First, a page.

“I therefore call on the Government to ensure the change is made in time for the upcoming independence celebrations, so we do not witness another award ceremony for the independence of the country with a discriminatory symbol involved.”

Sheer opportunism, since neither she nor her prime minister did anything about it when they both had the power and authority so to do.

Justice Jamadar, while ruling the law which provides for the Trinity Cross is valid, noted it is indirectly discriminatory against Hindus and Muslims on religious grounds.

“In the context of T&T,” said the judge, “given its history, it is quite clear that the words ‘Trinity’ and ‘Cross’ can be associated with the Blessed Trinity and the cross of the Christian religion.

“To link the words reinforces that association.”

Will the UNC now rethink this provision in its constitution? “The symbol of the party shall be the rising sun over the Trinity Hills above the letters UNC…”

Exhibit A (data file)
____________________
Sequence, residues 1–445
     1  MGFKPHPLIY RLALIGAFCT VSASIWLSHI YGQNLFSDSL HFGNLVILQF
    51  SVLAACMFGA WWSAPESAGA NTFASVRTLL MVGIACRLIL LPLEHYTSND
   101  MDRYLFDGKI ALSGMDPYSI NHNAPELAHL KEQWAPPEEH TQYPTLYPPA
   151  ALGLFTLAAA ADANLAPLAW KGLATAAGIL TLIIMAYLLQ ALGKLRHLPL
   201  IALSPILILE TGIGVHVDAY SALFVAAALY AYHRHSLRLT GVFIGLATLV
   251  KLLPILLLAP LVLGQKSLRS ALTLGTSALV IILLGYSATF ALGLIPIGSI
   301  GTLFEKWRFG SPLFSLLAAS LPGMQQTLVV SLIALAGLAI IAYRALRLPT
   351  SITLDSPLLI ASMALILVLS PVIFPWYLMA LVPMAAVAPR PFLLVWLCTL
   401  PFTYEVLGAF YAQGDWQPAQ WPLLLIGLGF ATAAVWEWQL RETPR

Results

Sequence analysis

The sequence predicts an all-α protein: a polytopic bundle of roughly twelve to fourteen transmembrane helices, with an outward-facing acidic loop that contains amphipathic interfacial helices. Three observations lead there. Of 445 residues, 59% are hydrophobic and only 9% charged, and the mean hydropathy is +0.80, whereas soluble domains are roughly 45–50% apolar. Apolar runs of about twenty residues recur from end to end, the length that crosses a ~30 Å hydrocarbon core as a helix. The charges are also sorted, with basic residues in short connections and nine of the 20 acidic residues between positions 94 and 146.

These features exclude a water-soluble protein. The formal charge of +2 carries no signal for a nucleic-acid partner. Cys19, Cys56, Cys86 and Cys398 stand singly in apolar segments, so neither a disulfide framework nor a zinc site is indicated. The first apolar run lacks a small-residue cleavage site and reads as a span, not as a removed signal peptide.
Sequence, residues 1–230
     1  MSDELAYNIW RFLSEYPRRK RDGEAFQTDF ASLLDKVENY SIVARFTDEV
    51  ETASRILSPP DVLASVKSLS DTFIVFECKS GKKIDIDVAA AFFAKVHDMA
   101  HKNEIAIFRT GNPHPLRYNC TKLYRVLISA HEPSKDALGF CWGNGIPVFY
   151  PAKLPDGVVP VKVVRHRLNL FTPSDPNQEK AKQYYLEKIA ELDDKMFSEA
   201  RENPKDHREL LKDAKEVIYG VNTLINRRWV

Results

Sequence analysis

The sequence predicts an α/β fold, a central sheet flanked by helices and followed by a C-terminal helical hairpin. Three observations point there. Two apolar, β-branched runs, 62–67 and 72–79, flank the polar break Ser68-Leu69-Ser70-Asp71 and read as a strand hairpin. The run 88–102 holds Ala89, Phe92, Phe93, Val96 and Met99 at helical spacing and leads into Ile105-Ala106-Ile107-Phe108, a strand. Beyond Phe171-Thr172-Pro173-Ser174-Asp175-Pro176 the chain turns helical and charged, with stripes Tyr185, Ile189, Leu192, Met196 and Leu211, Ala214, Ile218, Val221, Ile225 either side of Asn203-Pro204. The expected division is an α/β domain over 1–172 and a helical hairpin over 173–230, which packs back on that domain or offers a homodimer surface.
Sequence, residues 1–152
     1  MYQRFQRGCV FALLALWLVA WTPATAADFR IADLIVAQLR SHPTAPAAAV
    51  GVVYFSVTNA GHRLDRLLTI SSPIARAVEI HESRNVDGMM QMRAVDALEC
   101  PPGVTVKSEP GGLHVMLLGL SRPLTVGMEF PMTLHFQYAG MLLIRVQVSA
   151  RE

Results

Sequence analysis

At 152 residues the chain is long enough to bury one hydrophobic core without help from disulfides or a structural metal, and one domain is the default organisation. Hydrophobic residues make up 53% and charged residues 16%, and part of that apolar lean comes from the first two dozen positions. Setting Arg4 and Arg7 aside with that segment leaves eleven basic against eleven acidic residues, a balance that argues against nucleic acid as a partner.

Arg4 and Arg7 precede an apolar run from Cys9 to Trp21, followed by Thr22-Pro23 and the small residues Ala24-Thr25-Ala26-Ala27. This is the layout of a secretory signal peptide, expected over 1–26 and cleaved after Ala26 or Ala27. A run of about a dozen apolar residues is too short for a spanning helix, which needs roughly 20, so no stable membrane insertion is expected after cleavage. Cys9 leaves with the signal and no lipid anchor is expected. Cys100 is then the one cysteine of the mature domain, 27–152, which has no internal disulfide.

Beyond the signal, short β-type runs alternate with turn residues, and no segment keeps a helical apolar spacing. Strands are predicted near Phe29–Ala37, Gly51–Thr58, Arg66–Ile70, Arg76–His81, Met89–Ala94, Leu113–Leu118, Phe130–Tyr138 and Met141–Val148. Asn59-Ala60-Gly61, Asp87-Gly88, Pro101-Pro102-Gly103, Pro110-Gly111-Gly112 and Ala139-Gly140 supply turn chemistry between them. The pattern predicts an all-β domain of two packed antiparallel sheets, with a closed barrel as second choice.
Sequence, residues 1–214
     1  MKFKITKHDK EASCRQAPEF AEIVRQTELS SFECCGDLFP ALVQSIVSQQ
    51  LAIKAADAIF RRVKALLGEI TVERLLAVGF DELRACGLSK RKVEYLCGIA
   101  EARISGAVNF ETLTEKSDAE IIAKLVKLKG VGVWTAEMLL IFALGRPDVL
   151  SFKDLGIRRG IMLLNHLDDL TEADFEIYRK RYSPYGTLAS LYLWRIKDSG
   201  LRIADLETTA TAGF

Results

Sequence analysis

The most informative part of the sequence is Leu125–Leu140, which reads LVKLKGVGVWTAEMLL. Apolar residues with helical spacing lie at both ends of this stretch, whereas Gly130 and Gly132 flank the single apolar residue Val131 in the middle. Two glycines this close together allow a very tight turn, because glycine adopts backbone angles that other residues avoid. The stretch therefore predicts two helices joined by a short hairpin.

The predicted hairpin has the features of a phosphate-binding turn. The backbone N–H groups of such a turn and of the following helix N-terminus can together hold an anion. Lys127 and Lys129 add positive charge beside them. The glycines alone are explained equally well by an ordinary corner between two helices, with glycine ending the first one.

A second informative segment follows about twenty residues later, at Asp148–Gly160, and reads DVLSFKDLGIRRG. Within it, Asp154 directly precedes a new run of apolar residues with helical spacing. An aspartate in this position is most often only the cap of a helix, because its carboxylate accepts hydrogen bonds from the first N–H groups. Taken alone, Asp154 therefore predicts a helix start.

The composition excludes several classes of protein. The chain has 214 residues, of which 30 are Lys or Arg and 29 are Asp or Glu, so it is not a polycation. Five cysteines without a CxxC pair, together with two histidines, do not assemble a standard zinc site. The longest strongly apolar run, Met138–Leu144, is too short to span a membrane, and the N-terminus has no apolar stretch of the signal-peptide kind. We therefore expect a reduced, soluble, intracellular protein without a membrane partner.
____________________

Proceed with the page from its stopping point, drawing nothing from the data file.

How will the UNC, with its preponderance of Hindus and Muslims, resolve this conundrum of its own creation?

But T&T is a secular state, governed by the rule of law as Prime Minister Manning re-affirmed in Parliament recently.

Thus, he said, his administration was under obligation to comply with Justice Jamadar’s ruling “ and remove (the Trinity Cross) anomaly from our national life…”

Prime Minister Manning’s further remarks were a reassuring indication that his administration accepted Justice Jamadar’s ruling as a general principle.

“…At the same time, Mr Speaker, we must not lose this excellent opportunity to examine any other similar situation which has been allowed to persist to the discomfort of any section of the national family.”.

Confidence that T&T can successfully treat with such knotty problems rests basically on two important pillars: the innate good sense and tolerance of our people who, in our short history, have demonstrated our determination to strive for unity in diversity, while ignoring the siren songs of those who seek to exploit our differences; our good fortune to have at these critical junctures home-grown and nurtured political and judicial leadership equal to the challenge.

These are our hope for the future.